But there is more. There are hidden implications. The comic shows us in basic levels many of the mistakes being made with religion and social issues. (I’m going to take a guess and say that vegetarianism appears as a theme in one chapter.....?)

It is in every single panel this is a mind bending experience. A strip out of time but produced with modern technology, colours and print quality. This should be a big hit. Tell your friends.

This is getting a release on Sunday the 24th of June 2018 at the East London Comics Art Festival (ELCAF). For details of this event head to

This is a big contender for my personal book of the year. Recommended without reservation.

You can find more about this series and other work by Andy Barron at or follow his work on Twitter @omcomics.

Many thanks for reading.

Saturday, 19 May 2018

In Preview - ‘Slang Pictorial issue 3’ by Nick Prolix.

‘Slang Pictorial’ issue 3.

Created by Nick Prolix.

Black and White - £3.99 - 28 pages.

It’s always a joy to see anything by Nick Prolix, a pal and a collaborator with me on Cockney Kung Fu. But it’s Slang Pictorial where I first noticed his coolly idiosyncratic art work. You can see the mastery, effort and love of the medium in every single panel. He’s one of those artists that pulls magic out of his pocket in a seemingly effortless scratch of a pencil and splash of ink.

Volume 3 is about to get released at Cardiff Independent Comics Expo (C.I.C.E) on the 2nd of June. I’ve been lucky enough to see a sneak preview of this and have just finished reading it all through.

Let me say this, you won’t be disappointed.

It expands on the stories of the gaggle of Londoners featured in the last couple of volumes. Done in iconic black and white it feels and reads like the coolest Sunday newspaper strip you wish you’d seen as a kid. Nick shows his love of European cartooning and sets up a story that is a cross between a crime drama and soap opera. His art is strongly lined with confidant inks and iconic personalities full of attitude and swagger. It is at once dramatic, funny and cool.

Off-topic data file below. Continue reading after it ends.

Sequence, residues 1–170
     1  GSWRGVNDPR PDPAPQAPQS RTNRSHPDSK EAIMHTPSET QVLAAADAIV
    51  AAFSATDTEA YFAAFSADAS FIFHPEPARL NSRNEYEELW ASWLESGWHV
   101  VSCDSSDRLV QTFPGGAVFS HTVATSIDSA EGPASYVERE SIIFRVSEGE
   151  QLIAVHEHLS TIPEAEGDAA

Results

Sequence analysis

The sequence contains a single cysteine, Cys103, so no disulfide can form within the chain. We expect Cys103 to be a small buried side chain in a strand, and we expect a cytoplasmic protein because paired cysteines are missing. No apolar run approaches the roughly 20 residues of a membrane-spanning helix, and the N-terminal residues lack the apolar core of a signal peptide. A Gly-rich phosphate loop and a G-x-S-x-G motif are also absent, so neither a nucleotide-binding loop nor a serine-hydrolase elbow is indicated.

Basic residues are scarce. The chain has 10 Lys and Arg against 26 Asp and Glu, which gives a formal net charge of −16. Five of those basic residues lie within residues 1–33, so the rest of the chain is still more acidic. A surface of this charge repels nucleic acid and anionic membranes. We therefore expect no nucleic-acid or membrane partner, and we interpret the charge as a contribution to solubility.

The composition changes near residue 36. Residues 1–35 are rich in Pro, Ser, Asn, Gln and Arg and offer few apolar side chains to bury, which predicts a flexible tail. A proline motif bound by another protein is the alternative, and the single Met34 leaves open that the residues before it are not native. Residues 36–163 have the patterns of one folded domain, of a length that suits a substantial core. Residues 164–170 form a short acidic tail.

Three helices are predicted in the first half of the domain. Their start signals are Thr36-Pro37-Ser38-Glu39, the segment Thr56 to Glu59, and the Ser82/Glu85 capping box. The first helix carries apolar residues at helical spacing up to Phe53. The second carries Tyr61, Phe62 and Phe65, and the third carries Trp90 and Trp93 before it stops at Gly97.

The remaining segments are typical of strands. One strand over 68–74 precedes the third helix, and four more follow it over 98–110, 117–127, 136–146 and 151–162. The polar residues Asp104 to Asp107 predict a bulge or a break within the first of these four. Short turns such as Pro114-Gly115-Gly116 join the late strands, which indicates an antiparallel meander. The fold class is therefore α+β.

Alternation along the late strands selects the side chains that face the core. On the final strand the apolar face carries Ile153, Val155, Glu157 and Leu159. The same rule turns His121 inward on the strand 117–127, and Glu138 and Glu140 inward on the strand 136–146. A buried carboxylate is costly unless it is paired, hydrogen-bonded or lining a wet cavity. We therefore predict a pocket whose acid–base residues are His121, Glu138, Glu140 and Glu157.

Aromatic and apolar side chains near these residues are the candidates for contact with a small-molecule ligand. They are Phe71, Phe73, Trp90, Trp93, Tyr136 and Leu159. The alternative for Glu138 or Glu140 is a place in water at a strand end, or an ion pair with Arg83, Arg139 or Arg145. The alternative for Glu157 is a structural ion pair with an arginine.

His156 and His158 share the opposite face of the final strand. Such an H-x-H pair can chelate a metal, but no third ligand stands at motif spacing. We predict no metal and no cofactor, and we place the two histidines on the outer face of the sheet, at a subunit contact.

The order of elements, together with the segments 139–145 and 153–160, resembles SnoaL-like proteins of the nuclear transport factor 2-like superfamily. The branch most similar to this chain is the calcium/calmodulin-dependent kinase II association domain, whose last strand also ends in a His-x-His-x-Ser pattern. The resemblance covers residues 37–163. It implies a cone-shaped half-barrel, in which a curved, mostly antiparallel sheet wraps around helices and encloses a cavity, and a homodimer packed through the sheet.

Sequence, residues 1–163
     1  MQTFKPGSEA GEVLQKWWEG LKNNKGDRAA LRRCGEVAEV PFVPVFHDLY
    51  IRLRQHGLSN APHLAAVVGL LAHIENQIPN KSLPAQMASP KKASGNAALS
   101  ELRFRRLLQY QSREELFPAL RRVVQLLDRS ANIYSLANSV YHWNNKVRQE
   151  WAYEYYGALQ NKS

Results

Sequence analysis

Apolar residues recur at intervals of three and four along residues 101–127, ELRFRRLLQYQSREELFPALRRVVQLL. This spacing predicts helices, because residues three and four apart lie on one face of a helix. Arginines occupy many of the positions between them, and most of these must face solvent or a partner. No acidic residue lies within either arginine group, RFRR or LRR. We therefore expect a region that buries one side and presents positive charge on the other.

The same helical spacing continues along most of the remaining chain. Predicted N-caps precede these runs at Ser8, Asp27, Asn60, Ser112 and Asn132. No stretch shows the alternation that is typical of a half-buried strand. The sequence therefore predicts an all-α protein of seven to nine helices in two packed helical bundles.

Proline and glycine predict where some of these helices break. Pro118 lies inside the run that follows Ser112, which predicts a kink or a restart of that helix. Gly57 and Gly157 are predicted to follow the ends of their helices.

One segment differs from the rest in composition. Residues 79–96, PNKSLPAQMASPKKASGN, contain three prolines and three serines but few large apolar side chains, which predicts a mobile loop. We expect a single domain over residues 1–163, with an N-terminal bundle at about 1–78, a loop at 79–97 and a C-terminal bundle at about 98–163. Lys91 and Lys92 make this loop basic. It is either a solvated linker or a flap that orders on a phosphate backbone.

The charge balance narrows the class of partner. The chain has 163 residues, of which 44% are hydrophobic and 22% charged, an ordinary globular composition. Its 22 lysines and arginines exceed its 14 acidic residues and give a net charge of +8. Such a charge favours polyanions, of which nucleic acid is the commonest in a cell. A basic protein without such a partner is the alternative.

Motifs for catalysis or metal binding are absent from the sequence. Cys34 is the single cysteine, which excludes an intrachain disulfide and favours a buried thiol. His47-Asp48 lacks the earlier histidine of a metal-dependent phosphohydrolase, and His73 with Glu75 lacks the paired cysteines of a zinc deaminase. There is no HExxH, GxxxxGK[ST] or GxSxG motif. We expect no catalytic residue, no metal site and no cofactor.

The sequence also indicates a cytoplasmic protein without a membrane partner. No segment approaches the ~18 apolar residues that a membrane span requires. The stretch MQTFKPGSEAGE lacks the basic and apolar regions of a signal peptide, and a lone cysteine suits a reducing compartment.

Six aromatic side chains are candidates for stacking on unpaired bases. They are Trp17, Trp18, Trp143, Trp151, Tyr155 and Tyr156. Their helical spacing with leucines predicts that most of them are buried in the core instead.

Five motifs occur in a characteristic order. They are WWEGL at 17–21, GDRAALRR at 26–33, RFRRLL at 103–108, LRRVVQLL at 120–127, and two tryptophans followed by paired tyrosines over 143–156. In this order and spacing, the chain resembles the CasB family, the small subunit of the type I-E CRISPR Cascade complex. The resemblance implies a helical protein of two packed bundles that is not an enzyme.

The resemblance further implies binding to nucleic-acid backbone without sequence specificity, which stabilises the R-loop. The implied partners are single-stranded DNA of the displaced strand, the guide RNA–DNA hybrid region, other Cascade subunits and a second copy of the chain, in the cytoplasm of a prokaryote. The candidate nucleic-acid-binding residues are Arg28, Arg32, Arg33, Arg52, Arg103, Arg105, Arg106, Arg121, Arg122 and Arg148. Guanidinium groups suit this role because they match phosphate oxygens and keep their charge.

But there is a real edge to the characters’ journeys in this overarching narrative. We see the growth of worker’s rights and the lack of tolerance regarding sexual and personal freedoms. You feel the early days of the mixing of religious and ethnic diversity in London and also the problems that came from this mixing. Nick takes the time to make these issues a reality for the reader and for the people he populates his comics with. There are some harsh terms thrown around but they always come with the authentic backdrop of the gritty London streets and pubs of the time. A post war land that was undergoing a revolution. A place of flagrant street crime, wheeler dealer barrow boys, old school factory workers, closeted actors, hard drinkers ex soldiers and a growing feeling of racial and sexual freedom.

These geographical, albeit contrived in name by Nick, areas of London can be seen with historical and nostalgic viewpoints. As his players walk and negotiate the urban landscape you feel the bounce in their step with jazz music floating around them and the chance to find a few quid and booze it up. But there are always secrets and angles being played with. The story plays hide-and-seek with meanings and directions and deploys sharply cool dialogue like a drum solo of pacing and momentum.

I think you are in for a few surprises and possibly a couple of cliff hangers.

You might even recognise a familiar bus conductor.....

Magical stuff.

Go buy a copy.

You can get a copy direct from Nick at C.I.C.E or find him at He’s also on Twitter @nickprolix

If you do head to Cardiff you’ll be able to get this awesome postcard from him!

Many thanks for reading. 

Tuesday, 15 May 2018

In Review - ‘The World Book of Records’ from Europe Comics.

The World Book of Records.

Written by Tonino Benacquista.

Art by Nicolas Barral.

Translated by Tom Imber.

Published digitally by Europe Comics - Full Colour - 64 pages - £3.99.

Released January 2018 in English language.

The Story - ‘Egg-balancing, hotdog-eating, baton-twirling—these are a few of the records people try to break in order to find themselves included in the World Book of Records. For those who make into the book, Paul Baron, a judge at the publication, is a hero. For others, whose dreams he denies, he's a villain. After one man's plan to achieve renown is destroyed, Paul learns that the man may have lost everything else, but he hasn't lost hope—the hope of joining other record-breakers in the book. But the record the man hopes to break is terrible, and Paul unfortunately has a role in his project. ‘